Tuesday, March 27, 2012

Democracy Isn’t Government "Coercion"

Conservatism assumes that government is inherently coercive, a claim that makes conservatives and libertarians favor either “limited” or minimal government, respectively (at least in rhetoric, if not for, say, imperial or banking adventurism).  It’s what makes them think taxation is theft, and that the market should run as much of society as possible.  This premise underlies conservative thinking about what "liberty" is.  And this is a widely accepted view: indeed, the sociologist Max Weber more than a century ago defined government as that institution in society which claims a monopoly on the use of legitimate, organized force, a definition that has had quite a bit of staying power. 

There are counter-arguments that most people, most of the time, follow the authority of the law willingly and do not have to be coerced to do so because they recognize the value of a well-ordered society.  But aside from that, I will claim that the more that government is truly democratic the more that any coerciveness is reduced.  I have a classical republican view of such matters -- and unlike some other political theorists, I understand classical republicanism, which aims at the good of the public, to be a kind of government that is dominated by common working people, since they make up 99% of the public whose good is in question.  

We have to have rules, and those rules have to be binding so that no one can exempt themselves in order to take advantage of everyone else.  Provided that government responsiveness to the people is genuine and not an ideological cover for elite rule, when everyone in society has an equal share in making common rules and everyone is obligated to follow them, government isn’t coercive, morally speaking, because each individual has had an equal voice in making the rules by which all will live together.  And if anyone disagrees with a law, they have the equal opportunity to convince everyone and to change it.  The laws may be obligatory, but that doesn’t make them coercive, because there’s no arbitrary force used against someone without their consent: enforcing rules, once democratically decided, is legitimate, because without that there would be no rule of law at all; but you’ve already consented to be governed by the law when you attempted to make it in your favor.  You then have to live with it if everyone else disagrees and makes it differently.  That is the best we can do in a society where we have to live side-by-side and rub shoulders together; every individual can’t have it their own way.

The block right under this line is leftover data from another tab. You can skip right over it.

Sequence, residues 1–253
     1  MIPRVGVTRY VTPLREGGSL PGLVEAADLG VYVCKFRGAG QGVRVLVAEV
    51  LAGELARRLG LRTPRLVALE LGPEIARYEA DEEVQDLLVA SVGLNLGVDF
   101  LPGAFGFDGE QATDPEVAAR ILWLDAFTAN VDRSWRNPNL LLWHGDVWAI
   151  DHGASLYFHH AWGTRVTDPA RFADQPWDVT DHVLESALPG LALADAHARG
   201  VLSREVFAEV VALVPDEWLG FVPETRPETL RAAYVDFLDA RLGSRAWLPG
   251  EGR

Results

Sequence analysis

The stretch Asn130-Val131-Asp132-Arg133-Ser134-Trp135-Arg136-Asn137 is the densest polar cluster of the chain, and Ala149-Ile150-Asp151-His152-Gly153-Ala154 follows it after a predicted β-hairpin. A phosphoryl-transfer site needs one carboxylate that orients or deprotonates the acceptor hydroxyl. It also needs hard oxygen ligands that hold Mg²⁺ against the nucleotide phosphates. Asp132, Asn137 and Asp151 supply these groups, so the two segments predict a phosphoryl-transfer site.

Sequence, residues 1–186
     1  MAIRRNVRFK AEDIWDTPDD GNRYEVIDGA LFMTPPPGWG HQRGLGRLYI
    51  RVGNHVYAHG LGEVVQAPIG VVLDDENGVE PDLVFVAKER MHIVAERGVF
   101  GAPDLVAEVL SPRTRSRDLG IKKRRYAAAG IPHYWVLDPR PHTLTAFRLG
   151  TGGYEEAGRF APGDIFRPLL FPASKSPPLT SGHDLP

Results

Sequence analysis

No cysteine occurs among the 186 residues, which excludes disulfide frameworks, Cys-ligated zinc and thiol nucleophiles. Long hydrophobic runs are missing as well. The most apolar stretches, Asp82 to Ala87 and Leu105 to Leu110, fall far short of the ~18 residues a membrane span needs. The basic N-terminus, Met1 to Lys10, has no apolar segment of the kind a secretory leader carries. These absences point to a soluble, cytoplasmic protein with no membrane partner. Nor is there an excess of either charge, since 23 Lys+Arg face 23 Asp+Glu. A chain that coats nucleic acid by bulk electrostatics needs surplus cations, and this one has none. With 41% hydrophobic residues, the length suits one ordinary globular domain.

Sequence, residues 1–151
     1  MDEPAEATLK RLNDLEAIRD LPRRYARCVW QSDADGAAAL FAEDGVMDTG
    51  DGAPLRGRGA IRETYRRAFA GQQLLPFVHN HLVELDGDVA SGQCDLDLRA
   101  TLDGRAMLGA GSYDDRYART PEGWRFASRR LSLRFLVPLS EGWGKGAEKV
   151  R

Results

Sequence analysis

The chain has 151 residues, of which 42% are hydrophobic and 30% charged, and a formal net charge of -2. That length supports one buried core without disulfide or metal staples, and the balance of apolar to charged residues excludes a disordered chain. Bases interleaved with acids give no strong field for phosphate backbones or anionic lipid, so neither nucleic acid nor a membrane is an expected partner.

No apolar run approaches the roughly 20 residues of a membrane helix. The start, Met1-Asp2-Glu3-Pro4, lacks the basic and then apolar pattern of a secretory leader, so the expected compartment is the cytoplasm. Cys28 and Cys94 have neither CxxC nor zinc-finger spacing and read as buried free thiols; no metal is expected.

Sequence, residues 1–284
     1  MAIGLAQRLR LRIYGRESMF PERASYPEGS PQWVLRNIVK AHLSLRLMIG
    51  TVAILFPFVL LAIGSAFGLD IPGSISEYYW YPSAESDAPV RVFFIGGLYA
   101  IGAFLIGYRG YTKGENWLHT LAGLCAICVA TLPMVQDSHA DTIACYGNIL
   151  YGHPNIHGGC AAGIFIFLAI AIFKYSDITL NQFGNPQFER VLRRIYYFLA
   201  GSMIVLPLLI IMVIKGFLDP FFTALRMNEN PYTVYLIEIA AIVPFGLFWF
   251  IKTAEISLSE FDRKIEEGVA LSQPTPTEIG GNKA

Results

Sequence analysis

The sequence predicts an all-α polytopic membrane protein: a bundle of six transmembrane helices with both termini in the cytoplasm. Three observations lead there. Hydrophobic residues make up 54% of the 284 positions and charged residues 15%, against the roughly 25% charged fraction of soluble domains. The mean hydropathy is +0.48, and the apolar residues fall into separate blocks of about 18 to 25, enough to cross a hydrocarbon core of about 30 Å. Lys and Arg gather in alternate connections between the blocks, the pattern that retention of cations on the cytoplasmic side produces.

The problem now is that the laws aren’t made democratically, but by the corporate plutocracy which is exempting themselves in order to take advantage -- which leads over time to something that truly is coercive and authoritarian, despite hypocritical conservative claims.  That, however, is a topic for another day -- as are related issues, such as how do you keep a government democratic once you’ve established it in the first place, which are substantial problems of governance and constitutional design.  Today I'm just arguing for a general principle. 

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